This 10-week plan was designed by the experts at Runner's World for beginners who have at least a year of experience running on a regular basis and who log an average of 15 to 20 miles per week. Each week includes three days of rest, three or four days of shorter runs, and one long run, which starts at five miles, builds gradually, and peaks at 10 miles. You'll do some gradually longer segments of running slightly faster than your usual pace to give you the stamina you'll need to finish 13.1 miles feeling strong. Not the right plan for you? Check out Runner's World's training plans for intermediate and advanced runners.
Run at a comfortable pace, easy enough that you can hold a conversation. If you're huffing and puffing, you're going too fast. Don't worry about your speed. Just focus on covering the distance.
Be sure to sandwich each run with a warmup and cooldown of five to 10 minutes of walking and easy jogging, even on days that call for short, easy runs. Doing so will help you feel more comfortable on the run and will help prevent injuries such as muscle pulls.
A well-kept training log can help keep you motivated and injury free. Take notes on how you feel on the run, how long you ran, where you went, and what the weather was like. Seeing all the miles add up can keep you motivated when the going gets tough. And if you keep track of aches and pains, you can nip them in the bud before they become full-blown injuries.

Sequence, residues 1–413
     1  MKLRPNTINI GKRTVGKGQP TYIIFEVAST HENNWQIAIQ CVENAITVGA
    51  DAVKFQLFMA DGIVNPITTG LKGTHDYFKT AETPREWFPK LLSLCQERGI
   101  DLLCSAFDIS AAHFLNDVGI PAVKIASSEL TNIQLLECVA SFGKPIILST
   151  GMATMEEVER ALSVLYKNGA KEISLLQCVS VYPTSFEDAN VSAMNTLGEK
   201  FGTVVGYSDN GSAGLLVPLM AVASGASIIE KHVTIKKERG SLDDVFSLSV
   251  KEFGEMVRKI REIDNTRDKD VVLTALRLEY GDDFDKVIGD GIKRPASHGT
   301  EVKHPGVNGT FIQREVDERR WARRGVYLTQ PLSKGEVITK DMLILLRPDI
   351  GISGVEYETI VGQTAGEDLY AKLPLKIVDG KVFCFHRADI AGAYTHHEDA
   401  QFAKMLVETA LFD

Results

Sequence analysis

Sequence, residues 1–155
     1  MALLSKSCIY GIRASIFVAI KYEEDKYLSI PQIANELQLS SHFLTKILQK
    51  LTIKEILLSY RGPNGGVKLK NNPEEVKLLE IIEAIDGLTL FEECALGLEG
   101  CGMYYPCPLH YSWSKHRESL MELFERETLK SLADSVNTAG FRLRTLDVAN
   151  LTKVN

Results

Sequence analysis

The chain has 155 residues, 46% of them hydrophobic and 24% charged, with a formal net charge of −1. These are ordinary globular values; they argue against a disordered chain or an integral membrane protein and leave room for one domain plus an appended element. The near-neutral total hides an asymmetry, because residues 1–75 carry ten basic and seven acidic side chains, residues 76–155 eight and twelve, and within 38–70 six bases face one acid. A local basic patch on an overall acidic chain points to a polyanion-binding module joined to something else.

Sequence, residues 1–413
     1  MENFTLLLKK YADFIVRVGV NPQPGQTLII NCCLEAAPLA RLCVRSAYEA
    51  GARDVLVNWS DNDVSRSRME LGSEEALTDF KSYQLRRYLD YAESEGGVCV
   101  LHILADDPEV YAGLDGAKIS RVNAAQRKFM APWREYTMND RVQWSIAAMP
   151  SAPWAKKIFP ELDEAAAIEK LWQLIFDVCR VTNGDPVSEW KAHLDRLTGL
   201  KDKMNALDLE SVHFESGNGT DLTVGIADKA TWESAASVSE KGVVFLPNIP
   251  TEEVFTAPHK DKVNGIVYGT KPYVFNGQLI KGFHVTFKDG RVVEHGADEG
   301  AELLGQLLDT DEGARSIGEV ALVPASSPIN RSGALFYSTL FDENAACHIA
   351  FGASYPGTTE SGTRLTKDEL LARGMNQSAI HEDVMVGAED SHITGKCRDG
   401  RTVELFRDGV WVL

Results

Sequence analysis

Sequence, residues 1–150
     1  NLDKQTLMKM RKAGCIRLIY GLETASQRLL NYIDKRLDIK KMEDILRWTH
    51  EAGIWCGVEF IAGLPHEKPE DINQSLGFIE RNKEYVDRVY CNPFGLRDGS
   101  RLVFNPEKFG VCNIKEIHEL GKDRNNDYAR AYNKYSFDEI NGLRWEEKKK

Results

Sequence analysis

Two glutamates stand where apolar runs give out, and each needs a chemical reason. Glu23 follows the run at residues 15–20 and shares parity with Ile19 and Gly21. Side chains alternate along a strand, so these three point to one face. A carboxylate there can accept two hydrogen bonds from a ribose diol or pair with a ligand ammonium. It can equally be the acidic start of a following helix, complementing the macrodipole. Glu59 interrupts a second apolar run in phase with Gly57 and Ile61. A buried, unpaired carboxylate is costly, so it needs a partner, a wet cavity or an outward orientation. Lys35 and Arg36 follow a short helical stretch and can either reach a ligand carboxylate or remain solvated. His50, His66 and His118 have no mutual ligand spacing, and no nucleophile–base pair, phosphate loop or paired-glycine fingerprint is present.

Today is your first long, slow distance (LSD) run. Since you'll be running farther, you can go out slower than you usually do. On these days your goal is just to cover the distance.
The important factor in easy runs is how you feel. These runs should feel smooth and comfortable, as if you could go forever.
Run five miles today at an easy, conversational pace.
Run at a relaxed pace today, or cross-train on a bike or an elliptical trainer for the same amount of time that you'd run. Just don't go so hard that you're sore tomorrow.